In response to a perceived need for patient access to palliative care and supportive services prior to hospice eligibility, Phoenix-based Hospice of the Valley (HOV) applied for and received a 3-year demonstration grant (1999-2001) from The Robert Wood Johnson (RWJ) Promoting Excellence in End-Of-Life Care Project. HOV established the PhoenixCare project as a demonstration of palliative and coordinated care (case management) services for seriously chronically ill individuals still undergoing active treatment of their disease within a managed care setting. The model emphasized patient/family self-empowerment and prevention. The goal was to demonstrate that it was possible to expand the scope of care for the seriously chronically ill, add palliative care, and improve patient quality of life at less (or no more) cost than that for a comparable group of managed care patients not receiving PhoenixCare services. The model proved most useful to patients willing and able to assume a degree of control over their own care. Physicians referred fewer than 5% of the patients enrolled while managed care plan case managers and hospital discharge planners referred 83%, suggesting that in organized systems of care physicians are not a primary source for patient referrals. The structure and content of the PhoenixCare model, its general acceptability to patients, physicians and managed care plans, and its applicability to other sites are discussed in this article. Outcomes from the study will be published in a subsequent paper.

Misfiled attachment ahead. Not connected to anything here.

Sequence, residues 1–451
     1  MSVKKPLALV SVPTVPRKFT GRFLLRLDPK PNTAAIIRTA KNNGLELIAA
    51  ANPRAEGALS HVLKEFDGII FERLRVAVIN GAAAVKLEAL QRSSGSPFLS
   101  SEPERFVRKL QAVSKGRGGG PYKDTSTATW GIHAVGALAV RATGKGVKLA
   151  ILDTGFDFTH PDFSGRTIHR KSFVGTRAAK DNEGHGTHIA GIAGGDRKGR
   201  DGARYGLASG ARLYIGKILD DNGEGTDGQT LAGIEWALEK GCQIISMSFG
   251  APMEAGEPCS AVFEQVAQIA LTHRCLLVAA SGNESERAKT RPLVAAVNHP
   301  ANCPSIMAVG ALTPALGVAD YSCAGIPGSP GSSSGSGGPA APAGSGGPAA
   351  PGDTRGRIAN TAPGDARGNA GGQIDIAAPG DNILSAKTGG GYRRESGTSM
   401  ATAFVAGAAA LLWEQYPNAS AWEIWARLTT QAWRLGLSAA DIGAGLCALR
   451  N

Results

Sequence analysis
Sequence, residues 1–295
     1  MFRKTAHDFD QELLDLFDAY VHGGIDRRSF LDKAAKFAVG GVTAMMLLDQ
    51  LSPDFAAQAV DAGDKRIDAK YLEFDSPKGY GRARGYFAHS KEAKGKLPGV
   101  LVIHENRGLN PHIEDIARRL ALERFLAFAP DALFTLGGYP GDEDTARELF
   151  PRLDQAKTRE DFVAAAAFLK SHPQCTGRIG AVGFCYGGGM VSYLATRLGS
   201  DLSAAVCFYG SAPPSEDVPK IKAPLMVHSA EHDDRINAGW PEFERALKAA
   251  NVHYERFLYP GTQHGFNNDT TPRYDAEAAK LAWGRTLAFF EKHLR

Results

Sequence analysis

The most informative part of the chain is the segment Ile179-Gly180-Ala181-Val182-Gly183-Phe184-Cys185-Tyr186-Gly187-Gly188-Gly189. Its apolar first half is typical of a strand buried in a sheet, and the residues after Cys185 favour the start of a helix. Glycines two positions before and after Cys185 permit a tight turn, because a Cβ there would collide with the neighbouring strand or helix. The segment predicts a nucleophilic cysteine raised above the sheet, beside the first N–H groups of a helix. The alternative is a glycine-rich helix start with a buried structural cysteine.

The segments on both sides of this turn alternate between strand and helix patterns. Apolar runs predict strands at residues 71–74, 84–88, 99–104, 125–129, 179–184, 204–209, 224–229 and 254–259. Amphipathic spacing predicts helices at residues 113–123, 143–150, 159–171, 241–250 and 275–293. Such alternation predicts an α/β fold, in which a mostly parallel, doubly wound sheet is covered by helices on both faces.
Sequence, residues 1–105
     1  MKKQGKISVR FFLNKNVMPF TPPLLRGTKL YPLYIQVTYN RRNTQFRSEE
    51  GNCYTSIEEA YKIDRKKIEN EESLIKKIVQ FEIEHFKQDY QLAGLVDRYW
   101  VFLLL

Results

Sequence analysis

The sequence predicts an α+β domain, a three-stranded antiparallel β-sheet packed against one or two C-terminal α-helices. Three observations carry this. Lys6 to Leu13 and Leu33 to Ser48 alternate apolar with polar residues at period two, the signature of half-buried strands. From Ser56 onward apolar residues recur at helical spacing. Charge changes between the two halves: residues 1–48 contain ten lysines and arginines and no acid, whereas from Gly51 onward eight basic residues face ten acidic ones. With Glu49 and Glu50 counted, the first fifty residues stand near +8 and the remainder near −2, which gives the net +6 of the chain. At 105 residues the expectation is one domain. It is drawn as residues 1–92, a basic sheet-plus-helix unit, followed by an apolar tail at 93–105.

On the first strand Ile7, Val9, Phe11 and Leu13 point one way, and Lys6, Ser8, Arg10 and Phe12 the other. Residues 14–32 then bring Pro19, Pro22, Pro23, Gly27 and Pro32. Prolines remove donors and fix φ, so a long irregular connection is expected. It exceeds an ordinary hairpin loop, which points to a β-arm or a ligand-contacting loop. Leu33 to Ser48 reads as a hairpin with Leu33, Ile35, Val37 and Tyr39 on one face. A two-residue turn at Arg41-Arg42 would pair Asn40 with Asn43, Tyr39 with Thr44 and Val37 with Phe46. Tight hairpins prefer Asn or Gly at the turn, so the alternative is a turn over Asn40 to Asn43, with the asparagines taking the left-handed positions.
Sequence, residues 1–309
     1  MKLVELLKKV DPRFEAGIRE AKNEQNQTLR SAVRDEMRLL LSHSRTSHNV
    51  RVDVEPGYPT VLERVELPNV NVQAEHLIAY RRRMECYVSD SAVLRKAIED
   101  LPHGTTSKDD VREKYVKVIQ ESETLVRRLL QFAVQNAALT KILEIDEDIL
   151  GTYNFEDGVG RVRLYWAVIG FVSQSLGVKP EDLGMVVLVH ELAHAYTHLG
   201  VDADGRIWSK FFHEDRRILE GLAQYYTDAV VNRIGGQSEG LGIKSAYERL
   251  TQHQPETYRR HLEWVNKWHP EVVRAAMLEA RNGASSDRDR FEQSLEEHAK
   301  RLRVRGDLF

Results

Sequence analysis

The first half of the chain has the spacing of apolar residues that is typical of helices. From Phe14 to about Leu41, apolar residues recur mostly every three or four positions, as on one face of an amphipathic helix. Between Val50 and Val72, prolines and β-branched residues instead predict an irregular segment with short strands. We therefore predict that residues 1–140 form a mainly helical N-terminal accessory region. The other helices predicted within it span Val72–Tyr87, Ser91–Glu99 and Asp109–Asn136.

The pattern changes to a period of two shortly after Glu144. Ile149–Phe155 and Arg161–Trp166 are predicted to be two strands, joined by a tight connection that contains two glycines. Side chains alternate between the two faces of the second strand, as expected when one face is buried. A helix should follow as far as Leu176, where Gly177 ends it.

ASJC Scopus subject areas
- Anesthesiology and Pain Medicine